Free Country (2003) by Joel Harrison

Categories: 2003 and Music.

I don’t know Harrison, and coming at him in the middle of his career is probably a mistake. This is a strong, varied collection of very radical takes on American roots classics (check out that track listing, you’ll know 80% of the songs), featuring a fantastic group of guest stars too. The problem I am having with this is that Bill Frissell did all of this at least ten years earlier albeit without the singing – and has been doing it since. And though Harrison’s approach is much more obviously jazz than Frissell’s music has been in recent years, I Read More

All We Are Saying: the Music of John Lennon (2011) by Bill Frisell

Categories: 2011 and Music.

As Thom Jurek says, this is an exploration of Lennon the composer, not Lennon the performer, and not Lennon’s songs as launchpads for new things. With a few notable exceptions, these performances are pretty straight up. Yes, the musicianship is of a high quality, keeping this album from a total disappointment, but these are some very capable musicians; this is the best thing they could come up with? Certainly when something is presented to me as jazz – by one of th foremost guitarists in jazz – I expect – I want – to be wowed. I feel like a Read More

The Willies (2002) by Bill Frisell

Categories: 2002 and Music.

This is the most traditional-sounding Frisell album I have heard. It’s still recognizable as a Bill Frisell album, but these are pretty conventional – if not necessarily common – takes on both oft-covered and rarely-covered Americana. (There’s also the odd new Frisell composition, that he manages to fit in convincingly as something older.) It’s all well and good, I guess. I mean, it’s better than competent; the musicianship is great. The vibe is nice and relaxed. But it’s just not moving me. 6/10 Read More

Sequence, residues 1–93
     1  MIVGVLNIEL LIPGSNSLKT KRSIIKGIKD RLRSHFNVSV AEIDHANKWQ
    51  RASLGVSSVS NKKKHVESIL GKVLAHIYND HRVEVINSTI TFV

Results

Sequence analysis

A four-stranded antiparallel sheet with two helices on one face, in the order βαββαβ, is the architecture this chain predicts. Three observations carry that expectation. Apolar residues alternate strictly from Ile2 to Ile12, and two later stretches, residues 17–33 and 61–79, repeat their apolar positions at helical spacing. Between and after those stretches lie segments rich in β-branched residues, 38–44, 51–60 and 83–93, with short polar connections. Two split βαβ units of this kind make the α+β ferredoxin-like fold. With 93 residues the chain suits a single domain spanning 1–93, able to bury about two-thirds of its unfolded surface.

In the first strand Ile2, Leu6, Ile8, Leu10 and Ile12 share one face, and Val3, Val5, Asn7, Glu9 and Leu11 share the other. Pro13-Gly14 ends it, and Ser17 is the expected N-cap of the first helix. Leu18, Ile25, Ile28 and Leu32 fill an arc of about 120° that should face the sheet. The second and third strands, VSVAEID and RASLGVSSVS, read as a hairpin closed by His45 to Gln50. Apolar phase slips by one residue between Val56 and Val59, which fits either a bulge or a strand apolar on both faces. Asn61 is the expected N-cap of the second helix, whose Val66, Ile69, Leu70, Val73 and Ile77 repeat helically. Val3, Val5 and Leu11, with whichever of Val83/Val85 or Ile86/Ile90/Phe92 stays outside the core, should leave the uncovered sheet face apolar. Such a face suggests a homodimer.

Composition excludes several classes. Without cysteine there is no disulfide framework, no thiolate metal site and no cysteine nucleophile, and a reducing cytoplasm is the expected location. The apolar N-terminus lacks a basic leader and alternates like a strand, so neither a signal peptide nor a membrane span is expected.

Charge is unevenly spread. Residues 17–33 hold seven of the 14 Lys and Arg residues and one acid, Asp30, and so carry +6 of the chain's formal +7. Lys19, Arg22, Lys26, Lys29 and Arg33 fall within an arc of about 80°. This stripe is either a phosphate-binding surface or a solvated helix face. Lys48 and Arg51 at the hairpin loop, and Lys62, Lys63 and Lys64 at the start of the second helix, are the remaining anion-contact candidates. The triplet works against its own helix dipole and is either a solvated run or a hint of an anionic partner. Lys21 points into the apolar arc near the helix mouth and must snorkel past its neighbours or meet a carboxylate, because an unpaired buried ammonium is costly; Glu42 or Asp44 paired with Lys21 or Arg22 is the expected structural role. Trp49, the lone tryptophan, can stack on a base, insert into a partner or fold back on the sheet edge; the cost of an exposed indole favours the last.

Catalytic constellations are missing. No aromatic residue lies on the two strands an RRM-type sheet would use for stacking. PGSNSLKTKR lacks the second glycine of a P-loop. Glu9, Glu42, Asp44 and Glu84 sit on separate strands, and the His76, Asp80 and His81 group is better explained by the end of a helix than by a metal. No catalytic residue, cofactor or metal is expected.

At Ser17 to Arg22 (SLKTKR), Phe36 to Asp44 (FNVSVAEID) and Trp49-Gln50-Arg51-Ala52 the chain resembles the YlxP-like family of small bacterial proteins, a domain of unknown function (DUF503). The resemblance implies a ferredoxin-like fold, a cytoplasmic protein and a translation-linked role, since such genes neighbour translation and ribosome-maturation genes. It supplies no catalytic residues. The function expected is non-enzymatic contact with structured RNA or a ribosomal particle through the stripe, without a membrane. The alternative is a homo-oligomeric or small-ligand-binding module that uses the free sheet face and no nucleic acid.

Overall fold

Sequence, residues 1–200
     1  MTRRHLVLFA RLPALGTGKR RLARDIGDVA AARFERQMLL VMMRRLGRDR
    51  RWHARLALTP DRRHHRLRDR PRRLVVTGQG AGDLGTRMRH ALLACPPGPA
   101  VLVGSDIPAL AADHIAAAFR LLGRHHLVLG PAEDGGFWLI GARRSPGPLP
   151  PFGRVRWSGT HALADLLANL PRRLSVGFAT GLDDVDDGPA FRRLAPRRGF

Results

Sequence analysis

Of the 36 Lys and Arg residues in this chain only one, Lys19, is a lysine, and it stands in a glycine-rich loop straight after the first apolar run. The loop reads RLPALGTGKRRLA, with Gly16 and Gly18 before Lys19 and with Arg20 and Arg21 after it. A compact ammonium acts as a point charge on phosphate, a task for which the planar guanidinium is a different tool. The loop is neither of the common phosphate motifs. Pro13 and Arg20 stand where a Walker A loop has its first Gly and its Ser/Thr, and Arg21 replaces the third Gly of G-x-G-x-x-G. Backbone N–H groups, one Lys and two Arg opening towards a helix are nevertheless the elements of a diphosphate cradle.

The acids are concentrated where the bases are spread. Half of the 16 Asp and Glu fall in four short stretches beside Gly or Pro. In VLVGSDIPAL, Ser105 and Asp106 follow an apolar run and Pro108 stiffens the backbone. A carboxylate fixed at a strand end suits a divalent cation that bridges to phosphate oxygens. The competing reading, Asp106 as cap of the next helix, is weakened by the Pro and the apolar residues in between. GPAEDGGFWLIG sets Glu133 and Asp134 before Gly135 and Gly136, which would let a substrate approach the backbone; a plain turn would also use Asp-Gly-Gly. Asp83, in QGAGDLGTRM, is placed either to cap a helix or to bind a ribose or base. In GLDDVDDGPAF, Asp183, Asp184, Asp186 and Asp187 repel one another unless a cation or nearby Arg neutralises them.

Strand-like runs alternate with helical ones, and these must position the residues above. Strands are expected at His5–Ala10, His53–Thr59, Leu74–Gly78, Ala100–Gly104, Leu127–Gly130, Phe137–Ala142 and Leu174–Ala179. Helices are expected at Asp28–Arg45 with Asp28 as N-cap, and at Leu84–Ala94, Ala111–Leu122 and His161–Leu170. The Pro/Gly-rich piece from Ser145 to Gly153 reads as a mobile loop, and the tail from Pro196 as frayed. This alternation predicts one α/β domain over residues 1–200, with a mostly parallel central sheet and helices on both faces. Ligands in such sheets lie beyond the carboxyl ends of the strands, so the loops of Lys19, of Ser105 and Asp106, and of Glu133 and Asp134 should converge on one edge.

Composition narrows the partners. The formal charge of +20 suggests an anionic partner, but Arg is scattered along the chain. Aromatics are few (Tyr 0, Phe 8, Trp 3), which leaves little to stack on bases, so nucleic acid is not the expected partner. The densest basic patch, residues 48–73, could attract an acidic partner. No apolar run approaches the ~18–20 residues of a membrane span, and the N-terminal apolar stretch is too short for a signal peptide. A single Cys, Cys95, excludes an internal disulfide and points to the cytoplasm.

Good Dog, Happy Man (1999) by Bill Frisell

Categories: 1999 and Music.

This feels like more of the same as Gone, Just like a Train. Only the band is bigger – which actually heightens the roots feel and diminishes the jazz feel – and so the palette is a little bigger too. This is perhaps the least jazz-sounding I think I have heard Frisell. That’s not necessarily a bad thing; I think it would be fine if the performances were a little less low-key, a little less jammy / “We’re just having a good time!” I sort of wish they would dig into this a little more; add a little more grit Read More

Gone, Just like a Train (1998) by Bill Frisell

Categories: 1998 and Music.

This is an entertaining and pleasant record that had some really great moments, but on the whole is just what I said was it was, entertaining and pleasant. It’s certainly not going to make you re-think jazz guitar, as Frisell’s best stuff will. But it is provocatively all-over-the-place and relatively unconventional, for what we thought of as jazz guitar prior to Frisell’s early ’90s work. There is a definite roots vibe that can be found in much of Frisell’s ’90s and later work, but he does remind us that he is a jazz musician here and there, despite the non-jazz Read More

Live (1991, 1995) by Bill Frisell, Kermit Driscoll, Joey Baron

Categories: 1991 and Music.

I think this live album embodies everything I think post-modern (or post-Hendrix) guitar playing should be: Frisell is all over the place within the same songs, throwing out all sorts of different techniques, tones, effects, styles totally arbitrarily. But he is just such a good player, and the band is so locked in behind him that it doesn’t matter that he does what he wants. This is what I want to hear: a talented guitarist doing whatever he wants, seemingly on whim. And when he returns to the song, the band play as if the song – rather than Frisell Read More